niles by developing a policy to relocate the birds to an area could be sllccessful in achieving the goals set by NMFS and
where they will have less contact with salmon. The tern special interest groups, the most important of which is exsituation is problematic, though, because they are protected tinction prevention.
under the Migratory Bird Treaty Act in the habitats where
Possible Problems with this Approach to Salmon
they do the most damage to salmon populations.
An additional concern is that current policies, like barging, While this solution appears to be comprehensive, it is not
exacerbate the impact of salmon predators. Research shows complete. Salmon have endured in the Pacific Northwest
that when salmon are barged downstream they are trauma- for thousands of years as part of a natural system. IS Attized and at greater risk to predators because they hover tempting to restore their population numbers with tech~
nology may not ensure the long-term survival of the spe- Potential Benefits of Aggressive Nonbreaching
cies because it will provide for artificially based life cycle, . An aggressive non-breach program could be moderately
rather than natural management. Moreover, technologi- effective as a recovery plan since its focus is on flow augcal solutions have failed to improve the viability of the mentation and increased spill that would help get the
Snake River salmon population, and indeed, in many in- salmon over the dams. In order to increase the volume
and velocity of water that goes over the spillway, the flow
stances, they have encouraged its deterioration.
of the river must be similarly increased. There is mixed
The primary criticisms of this approach come from the sci- opinion as to whether spill is a relatively safe and effective
entific community; no concrete evidence can prove this so- way to transport smolts past the dams. Some scientists
lution will actually provide for the recovery of the endan- argue that the mortality of salmon that are spilled over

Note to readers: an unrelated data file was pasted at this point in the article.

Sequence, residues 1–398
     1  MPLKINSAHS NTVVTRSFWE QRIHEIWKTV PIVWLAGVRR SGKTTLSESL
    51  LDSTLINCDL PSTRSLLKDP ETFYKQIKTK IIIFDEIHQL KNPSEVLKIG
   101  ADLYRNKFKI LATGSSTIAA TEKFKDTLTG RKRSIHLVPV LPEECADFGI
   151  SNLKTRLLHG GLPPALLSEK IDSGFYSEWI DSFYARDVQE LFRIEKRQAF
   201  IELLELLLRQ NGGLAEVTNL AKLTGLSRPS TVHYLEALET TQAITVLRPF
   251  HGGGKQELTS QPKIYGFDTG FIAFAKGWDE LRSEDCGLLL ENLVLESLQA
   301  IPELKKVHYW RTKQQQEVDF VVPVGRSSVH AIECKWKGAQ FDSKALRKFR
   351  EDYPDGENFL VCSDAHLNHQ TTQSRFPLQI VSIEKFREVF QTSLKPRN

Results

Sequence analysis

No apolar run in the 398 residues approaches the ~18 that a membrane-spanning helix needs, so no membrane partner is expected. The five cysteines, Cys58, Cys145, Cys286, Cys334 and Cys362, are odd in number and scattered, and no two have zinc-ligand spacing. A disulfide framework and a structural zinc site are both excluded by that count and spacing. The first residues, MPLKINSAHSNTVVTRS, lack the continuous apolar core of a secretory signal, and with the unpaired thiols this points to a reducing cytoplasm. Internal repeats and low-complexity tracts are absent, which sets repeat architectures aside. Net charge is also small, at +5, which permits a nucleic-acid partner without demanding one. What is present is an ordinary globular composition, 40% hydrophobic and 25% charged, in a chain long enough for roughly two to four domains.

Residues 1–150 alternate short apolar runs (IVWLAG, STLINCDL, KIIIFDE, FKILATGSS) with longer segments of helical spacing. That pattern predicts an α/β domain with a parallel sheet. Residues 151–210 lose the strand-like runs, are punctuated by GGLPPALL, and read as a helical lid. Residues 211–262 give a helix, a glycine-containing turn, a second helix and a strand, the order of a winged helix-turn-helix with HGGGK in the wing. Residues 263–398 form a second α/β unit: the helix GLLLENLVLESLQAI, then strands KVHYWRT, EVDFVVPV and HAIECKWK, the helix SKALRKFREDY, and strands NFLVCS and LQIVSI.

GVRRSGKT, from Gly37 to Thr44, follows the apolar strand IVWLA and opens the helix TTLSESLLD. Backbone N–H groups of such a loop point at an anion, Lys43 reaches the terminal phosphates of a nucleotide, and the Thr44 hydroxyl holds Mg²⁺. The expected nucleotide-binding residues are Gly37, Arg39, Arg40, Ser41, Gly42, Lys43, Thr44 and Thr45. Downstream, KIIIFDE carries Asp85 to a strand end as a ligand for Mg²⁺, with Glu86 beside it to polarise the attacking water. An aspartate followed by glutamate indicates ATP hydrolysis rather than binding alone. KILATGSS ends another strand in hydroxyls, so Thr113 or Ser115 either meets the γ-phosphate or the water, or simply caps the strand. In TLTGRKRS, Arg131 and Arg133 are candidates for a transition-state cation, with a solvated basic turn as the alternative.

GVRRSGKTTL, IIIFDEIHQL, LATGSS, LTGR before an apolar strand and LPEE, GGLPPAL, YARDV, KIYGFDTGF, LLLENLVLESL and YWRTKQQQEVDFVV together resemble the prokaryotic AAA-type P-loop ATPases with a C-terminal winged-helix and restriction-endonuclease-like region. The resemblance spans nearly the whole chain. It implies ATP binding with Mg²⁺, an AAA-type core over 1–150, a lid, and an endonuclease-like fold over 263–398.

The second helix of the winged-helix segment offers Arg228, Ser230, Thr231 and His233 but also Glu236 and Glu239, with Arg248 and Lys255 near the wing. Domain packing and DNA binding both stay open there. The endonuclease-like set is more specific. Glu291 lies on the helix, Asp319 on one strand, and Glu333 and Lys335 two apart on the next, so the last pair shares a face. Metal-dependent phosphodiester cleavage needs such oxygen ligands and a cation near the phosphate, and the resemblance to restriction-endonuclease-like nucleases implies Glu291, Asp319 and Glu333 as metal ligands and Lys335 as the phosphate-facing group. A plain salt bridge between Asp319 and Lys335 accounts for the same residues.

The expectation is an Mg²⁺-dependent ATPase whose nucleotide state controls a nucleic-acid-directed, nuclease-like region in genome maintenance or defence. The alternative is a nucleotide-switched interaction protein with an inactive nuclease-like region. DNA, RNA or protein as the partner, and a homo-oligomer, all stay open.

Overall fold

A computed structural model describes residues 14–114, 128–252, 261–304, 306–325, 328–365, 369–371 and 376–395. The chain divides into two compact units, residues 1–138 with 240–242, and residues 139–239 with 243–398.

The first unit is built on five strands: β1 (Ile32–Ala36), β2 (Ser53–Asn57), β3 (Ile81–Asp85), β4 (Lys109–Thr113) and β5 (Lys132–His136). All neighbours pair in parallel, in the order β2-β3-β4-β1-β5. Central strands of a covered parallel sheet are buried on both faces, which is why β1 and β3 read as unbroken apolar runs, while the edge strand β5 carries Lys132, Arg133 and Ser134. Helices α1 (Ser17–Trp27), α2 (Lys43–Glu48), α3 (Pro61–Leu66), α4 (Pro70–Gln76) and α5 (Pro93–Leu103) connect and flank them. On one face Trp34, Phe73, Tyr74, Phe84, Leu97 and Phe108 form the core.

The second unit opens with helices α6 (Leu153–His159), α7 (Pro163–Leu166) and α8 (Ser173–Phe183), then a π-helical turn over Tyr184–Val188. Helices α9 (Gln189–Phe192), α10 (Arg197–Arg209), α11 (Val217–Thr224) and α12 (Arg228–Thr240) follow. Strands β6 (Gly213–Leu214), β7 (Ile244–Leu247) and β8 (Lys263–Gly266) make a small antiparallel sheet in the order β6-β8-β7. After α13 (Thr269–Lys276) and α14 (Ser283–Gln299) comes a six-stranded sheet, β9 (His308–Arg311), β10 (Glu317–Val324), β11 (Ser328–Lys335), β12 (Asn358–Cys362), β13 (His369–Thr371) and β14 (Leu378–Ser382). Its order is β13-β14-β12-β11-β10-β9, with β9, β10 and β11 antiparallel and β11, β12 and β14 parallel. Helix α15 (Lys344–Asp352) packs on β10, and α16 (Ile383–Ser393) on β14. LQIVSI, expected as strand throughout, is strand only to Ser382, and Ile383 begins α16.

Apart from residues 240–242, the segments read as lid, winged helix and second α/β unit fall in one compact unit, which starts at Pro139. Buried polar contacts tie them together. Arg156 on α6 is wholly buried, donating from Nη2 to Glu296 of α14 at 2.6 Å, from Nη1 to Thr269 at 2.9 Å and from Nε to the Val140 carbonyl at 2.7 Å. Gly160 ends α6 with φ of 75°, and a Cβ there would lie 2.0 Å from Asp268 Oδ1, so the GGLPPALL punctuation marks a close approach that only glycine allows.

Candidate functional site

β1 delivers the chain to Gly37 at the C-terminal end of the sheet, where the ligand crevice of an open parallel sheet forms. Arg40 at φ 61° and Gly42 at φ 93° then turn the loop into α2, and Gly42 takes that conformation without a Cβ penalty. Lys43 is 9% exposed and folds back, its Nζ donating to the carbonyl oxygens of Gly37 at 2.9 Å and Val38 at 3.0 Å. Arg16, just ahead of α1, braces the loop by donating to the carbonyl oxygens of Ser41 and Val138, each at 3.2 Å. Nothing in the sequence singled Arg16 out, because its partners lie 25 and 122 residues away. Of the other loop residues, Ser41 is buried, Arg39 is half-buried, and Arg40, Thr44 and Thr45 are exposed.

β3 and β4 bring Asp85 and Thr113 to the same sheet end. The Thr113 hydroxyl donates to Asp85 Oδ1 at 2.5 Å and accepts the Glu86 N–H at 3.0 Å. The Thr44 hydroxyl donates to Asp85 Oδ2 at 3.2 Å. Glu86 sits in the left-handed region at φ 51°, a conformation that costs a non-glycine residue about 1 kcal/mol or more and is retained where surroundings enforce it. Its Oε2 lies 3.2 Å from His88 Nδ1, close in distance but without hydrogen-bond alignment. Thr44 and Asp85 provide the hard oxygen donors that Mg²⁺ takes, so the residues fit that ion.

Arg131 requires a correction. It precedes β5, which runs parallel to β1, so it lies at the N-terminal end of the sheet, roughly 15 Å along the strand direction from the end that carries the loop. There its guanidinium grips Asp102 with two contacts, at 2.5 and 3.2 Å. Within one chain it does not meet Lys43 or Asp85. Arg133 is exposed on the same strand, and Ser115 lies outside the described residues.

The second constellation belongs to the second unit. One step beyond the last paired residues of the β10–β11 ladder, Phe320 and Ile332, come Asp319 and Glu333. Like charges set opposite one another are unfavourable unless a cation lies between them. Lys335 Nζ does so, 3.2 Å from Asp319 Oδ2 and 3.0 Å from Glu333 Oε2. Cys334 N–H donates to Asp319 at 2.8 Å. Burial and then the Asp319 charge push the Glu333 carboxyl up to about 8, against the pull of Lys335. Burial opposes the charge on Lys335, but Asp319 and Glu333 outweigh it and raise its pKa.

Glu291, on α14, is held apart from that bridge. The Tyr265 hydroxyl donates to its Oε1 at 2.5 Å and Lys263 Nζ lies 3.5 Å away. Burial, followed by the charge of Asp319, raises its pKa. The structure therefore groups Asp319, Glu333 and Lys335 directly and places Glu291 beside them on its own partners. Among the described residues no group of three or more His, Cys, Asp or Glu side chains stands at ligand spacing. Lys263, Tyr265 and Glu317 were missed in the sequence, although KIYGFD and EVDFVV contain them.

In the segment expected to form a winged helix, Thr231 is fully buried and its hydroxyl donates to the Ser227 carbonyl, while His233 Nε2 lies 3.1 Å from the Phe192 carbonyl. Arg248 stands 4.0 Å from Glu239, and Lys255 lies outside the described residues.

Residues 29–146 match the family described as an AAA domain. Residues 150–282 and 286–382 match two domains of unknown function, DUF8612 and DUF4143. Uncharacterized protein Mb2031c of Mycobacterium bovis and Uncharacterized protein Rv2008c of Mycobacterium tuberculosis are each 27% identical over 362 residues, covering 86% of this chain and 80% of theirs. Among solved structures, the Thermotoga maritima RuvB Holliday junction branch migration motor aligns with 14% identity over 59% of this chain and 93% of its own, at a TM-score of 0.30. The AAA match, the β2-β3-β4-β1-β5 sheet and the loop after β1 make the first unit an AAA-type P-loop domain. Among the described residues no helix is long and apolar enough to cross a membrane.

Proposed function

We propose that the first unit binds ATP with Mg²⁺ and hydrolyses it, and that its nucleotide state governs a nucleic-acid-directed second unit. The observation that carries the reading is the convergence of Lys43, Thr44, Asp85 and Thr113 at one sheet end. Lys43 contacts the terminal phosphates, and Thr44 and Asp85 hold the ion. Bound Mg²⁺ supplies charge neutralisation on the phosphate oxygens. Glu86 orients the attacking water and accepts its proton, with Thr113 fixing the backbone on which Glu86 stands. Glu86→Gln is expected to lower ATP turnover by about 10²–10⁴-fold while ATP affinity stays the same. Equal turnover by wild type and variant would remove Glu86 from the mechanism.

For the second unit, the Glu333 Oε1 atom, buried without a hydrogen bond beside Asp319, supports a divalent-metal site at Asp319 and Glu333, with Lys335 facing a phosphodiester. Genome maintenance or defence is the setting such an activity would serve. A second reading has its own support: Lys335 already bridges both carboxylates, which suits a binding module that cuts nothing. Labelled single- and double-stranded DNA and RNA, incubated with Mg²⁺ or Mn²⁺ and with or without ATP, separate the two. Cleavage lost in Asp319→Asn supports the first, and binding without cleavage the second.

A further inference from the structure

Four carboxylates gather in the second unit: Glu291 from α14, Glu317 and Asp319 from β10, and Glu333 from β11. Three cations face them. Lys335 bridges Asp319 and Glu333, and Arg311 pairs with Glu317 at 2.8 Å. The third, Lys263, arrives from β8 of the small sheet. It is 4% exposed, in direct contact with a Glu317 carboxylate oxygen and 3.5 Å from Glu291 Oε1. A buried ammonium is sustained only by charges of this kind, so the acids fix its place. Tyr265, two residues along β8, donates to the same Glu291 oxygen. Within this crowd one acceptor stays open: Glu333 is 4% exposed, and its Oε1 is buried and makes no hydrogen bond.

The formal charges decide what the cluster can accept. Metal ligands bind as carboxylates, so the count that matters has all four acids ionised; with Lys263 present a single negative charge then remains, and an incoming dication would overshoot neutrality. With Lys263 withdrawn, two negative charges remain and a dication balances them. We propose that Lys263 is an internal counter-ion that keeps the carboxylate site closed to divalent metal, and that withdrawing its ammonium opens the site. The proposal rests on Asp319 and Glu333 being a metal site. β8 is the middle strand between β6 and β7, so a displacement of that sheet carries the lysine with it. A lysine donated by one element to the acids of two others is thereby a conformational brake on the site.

gered salmon populations. The Plan for Analyzing and Test- dams is insignificant. It was found, for instance, that the
ing Hypothesis (PATH) report studies biological effective- mortality of chinook that were spilled over McNary Dam
ness associated with the various solutions. Reflecting the (Columbia River) and Big Cliff Dam (Santiam River) was
work of state, tribal, federal, and independent scientists from less than 2 percent. 21 Others maintain that the Gas
within and outside the Northwest region, PATH indicated Bubble Trauma (GBT) that can result from exposure to
that this solution would have an effect similar on salmon gas supersaturated water (water with a high level of dispopulations to current strategies, i.e. that it will not signifi- solved gas) results in higher mortality than reported. If
cantly improve the life cycles of local resident fish such as salmon are exposed to too much nitrogen while going over
northern pikeminnows, rainbow trout, common carp, small- dams, the effects can range from impaired swimming permouth bass, crappies, catfish/bullfish, and yellow perch. 19 formance to death. William Steele, Jr., Director of the
Thus, while this integrative approach contains elements of Northwest Region of NMFS, testified before Congress in
a holistic solution, it falls short of meeting the objective of 1995 that states' concerns over GBT have been significant
preventing extinction.